BC: In terms of roadblocks, because we are starting from scratch, that is a bit of a challenge. So we are trying to understand what would be the categories to think about these environmental problems and their solutions. It’s more like, how can we find these categories that can allow a robotics engineer to start thinking about solutions to build a perspective. On that front, we put together a book chapter, and we also generated a report that we are hoping to publish in a robotics journal. That was definitely a challenging process for us. Another challenge is sometimes hard to define what is in the scope of environmental robotis, because a work might have some environmental impact even though its main goal may not be environmentally motivated. There are these gray areas that were hard for us to classify and understand if they belong in our scope or understand what kind of approach is comprehensive enough but does not dilute what we are trying to say.
H: Who would you say are the stakeholders of the project in its project and management as well as direct impact?
BC: One good thing is that we start with something and then expand it. For example, we didn’t initially think of developing an environmental robotics track in WPI. We started having more communication with the environmental engineering department. Another thing is that the feedback we were able to get form the WPI community during our meetings, and that was definitely useful. The other thing is we involved some undergraduate and graduate students through this process. Actually, they took the lead creating this website, and of course, they always do. The book chapter we will be publishing will have undergraduate authors, so that will be a really great outcome of this project too. Eventually, more specifically in WPI, once we create this track, I think we will have more awareness with regards to environmental robotics among our students. One thing we will try to do is create this student driven community that can create their own projects and even start thinking about their capstone projects at the end of their fourth year from when they are freshman, very early on. Apart from that, the resources we are creating, like that website for example, I think are very useful for scientists and environmental roboticists. It’s a good starting point, we think, to think about these problems. We are also very much aware that social justice is a part of this process. Every situation is very unique. Like when you are trying to solve a particular environmental problem, on a local level you are affecting that community one way or another. You might end up creating jobs or you might end up displacing jobs. You might end up transforming current jobs. These are very important aspects that should be considered during the technology development process, and that’s actually a part of the book chapter we are writing. We are trying to put this as an integral part of the technology development process. It is also very difficult and unique to each case. What we can do is encourage people to think about these problems, but it is very hard to come up with a universal framework.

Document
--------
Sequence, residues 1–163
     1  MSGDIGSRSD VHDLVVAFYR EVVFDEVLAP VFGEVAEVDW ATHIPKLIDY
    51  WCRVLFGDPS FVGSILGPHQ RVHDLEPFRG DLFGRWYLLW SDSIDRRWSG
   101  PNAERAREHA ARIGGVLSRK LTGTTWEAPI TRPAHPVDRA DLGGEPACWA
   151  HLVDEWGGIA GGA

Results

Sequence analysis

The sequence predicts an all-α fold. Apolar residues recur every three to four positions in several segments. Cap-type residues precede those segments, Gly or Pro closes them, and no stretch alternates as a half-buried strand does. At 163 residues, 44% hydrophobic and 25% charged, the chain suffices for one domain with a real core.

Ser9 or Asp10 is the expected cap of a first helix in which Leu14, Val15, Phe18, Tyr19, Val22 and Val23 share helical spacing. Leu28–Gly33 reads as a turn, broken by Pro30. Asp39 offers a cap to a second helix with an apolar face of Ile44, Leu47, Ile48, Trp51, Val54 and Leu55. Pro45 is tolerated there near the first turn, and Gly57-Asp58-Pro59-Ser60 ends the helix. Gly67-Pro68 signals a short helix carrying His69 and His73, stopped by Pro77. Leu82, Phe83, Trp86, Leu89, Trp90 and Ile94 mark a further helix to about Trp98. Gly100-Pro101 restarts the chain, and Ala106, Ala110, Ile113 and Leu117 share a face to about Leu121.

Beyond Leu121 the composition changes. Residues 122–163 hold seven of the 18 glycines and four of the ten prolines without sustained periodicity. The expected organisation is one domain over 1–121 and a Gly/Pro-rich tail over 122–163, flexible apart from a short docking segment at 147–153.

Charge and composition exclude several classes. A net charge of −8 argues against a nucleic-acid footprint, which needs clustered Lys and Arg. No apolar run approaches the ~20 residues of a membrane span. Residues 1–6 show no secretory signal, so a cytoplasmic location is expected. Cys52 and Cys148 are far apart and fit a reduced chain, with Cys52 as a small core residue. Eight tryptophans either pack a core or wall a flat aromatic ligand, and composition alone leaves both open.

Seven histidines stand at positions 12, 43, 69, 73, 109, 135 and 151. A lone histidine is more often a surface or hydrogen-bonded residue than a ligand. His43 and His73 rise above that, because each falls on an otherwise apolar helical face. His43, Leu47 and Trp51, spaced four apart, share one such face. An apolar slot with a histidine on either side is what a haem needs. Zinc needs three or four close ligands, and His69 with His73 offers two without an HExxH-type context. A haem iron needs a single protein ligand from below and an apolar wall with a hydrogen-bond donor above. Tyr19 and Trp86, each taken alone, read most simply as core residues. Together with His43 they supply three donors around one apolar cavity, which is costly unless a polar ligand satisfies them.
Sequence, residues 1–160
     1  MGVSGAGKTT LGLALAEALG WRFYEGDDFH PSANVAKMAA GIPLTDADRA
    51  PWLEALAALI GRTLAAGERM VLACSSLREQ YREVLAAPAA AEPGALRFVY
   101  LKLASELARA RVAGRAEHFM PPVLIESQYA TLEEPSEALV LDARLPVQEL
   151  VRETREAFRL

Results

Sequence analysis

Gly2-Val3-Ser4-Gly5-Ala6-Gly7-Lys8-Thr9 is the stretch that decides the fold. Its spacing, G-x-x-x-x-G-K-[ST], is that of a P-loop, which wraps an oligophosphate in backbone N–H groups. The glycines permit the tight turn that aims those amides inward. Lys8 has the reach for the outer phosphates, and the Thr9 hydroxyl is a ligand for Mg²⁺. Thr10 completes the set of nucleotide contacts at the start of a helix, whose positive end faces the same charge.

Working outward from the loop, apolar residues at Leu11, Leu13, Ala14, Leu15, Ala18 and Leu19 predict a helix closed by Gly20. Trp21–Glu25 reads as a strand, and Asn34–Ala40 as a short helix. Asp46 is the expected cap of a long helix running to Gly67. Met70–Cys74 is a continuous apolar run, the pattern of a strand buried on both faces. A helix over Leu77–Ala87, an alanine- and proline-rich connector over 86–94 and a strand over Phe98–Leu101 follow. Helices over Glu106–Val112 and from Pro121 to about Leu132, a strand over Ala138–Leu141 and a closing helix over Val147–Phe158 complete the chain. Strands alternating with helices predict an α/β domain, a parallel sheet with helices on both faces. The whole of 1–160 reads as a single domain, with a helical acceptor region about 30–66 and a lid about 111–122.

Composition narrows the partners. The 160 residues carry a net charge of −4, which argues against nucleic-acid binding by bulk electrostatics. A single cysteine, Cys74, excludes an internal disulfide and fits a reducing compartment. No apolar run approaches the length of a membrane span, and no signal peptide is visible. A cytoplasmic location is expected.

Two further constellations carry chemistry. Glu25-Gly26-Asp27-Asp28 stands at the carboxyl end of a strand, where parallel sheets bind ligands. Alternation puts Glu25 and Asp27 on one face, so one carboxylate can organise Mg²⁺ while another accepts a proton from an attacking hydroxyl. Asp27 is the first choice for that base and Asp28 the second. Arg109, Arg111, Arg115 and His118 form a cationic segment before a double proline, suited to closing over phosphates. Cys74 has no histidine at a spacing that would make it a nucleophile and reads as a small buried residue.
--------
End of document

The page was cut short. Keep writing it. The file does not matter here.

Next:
H: What are you hoping to achieve as a wider implication as your work?
BC: I think it’s more about the awareness that we are trying to create here. If you can achieve that student driven community, I think that will be very useful. We have a very strong robotics department, and if we can contribute to the soft training of students to work on these projects and make them, or at least a couple of students, not go to the highest paying job in the highest company, but instead driven by their own ideas and motivations in this domain that does not necessarily have a huge amount of funding or resources. That would be great, so that we can have a small poke. Ideally, it would be awesome if we could have a snowball effect.
H: What are you hoping other researchers will take away from your work?
BC: If we encourage an instinct for roboticists to think about problems or use their talents for a certain direction, or if they think a certain way, to encourage them in that transformation. So, that they see the work that they do is not only developing a piece of technology, but it impacts people. That we are developing technology for people. I think if we can encourage that way of thinking, that would be wonderful. If they can get into a mindset that is more, ‘is this technology needed? what can we gain? what will we loose with this technology?’.
If you are a student at WPI and are interested in working with Professor Calli on this project, you can contact him though an email for more information.